First mentioned around 1170, the church was almost certainly founded considerably earlier; during the 13th century the church was a part of Baynard's Castle, an ancient royal residence. In 1361, Edward III moved his Royal Wardrobe (a storehouse for Royal accoutrements, housing arms and clothing among other personal items of the Crown) from the Tower of London to just north of the church. It was from this association that the church acquired its unique name. The Wardrobe and the church, however, were both lost in the Great Fire of London in 1666.. Of the 51 churches designed by Sir Christopher Wren after the Fire, St. Andrew-by-the-Wardrobe is among the simplest of his designs, rebuilt in 1695 but again destroyed by German bombing in the Second World War, with only the tower and walls surviving. It was re-dedicated in 1961.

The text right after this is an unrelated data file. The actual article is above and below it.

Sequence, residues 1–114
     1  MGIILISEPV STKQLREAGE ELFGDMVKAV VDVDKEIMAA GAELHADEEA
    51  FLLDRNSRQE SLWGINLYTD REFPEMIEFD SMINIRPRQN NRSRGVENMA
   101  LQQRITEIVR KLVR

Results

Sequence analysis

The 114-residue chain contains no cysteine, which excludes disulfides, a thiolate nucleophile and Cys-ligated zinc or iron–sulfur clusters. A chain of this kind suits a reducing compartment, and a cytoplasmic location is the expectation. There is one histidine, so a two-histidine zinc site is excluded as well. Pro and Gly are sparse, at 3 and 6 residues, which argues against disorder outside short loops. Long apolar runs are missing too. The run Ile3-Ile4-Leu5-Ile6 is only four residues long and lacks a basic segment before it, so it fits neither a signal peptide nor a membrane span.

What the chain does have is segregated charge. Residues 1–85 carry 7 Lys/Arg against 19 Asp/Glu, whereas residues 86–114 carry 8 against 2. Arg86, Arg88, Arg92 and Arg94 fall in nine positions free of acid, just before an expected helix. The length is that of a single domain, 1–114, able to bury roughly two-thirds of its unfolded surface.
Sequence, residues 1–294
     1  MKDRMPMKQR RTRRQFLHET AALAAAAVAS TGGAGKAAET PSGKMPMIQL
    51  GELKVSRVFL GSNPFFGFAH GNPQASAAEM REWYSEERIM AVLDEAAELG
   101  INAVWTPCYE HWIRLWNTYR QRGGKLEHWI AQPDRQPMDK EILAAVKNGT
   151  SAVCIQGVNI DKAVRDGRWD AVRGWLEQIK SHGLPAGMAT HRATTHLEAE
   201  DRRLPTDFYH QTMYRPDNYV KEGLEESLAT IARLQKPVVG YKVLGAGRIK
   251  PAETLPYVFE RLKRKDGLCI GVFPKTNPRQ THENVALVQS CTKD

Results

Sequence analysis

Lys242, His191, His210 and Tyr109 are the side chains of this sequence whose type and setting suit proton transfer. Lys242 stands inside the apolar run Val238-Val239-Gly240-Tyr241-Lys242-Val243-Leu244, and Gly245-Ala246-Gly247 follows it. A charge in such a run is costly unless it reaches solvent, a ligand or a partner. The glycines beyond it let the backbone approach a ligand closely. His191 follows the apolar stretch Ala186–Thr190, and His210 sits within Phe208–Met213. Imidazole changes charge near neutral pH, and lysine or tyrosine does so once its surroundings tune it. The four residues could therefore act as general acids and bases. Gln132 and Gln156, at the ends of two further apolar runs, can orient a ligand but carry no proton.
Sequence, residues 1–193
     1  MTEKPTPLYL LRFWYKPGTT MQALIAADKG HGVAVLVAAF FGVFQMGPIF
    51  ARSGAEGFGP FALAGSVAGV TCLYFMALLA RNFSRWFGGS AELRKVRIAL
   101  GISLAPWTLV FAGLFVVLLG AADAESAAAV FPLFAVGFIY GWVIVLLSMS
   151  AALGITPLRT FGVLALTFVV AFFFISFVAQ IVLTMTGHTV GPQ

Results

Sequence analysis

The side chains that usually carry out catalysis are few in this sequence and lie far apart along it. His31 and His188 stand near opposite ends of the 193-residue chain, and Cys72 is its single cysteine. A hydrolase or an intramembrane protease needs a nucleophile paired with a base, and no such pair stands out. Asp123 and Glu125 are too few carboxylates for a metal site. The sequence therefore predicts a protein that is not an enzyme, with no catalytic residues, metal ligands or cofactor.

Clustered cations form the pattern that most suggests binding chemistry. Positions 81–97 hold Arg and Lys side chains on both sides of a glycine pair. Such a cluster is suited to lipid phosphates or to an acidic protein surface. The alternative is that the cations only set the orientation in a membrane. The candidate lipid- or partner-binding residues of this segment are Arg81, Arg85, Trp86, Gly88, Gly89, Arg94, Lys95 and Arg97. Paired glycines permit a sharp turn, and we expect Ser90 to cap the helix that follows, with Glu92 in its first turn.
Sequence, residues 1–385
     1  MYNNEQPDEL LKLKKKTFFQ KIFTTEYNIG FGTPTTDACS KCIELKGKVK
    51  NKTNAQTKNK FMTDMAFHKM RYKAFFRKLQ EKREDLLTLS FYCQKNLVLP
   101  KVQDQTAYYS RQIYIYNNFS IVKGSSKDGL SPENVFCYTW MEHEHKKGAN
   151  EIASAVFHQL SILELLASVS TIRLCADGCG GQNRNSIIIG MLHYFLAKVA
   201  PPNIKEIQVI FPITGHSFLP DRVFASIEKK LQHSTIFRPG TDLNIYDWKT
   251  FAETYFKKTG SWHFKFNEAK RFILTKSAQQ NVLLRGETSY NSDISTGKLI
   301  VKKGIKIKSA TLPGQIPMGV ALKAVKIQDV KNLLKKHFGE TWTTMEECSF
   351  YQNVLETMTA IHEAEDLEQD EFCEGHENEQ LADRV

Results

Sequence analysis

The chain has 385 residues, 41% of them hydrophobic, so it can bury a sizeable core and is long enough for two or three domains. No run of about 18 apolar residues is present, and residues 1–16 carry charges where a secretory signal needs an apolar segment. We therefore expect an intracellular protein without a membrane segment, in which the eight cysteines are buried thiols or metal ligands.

St. Andrew's is situated on a terrace overlooking the street, its plain red brick exterior contrasting with the stone buildings on each side. The interior is aisled, with arcaded bays supported by piers rather than the usual columns. The original interior fittings were mostly destroyed during the war, and many of the church's features come from other destroyed London churches - for instance, the weathervane on the tower comes from St Michael Bassishaw (demolished 1900).
St. Andrew's can boast of one of its former parishioners, William Shakespeare. Shakespeare was a member of this parish for about 15 years while he was working at the Blackfriars Theatre nearby and later he bought a house within the parish in Ireland Yard. In his honour, a memorial was erected in the church.
This church has been alive and had by regular weekly Sunday services conducted by the Syrian Orthodox church (founded by St Thomas the Apostle in India) for the last 30 years.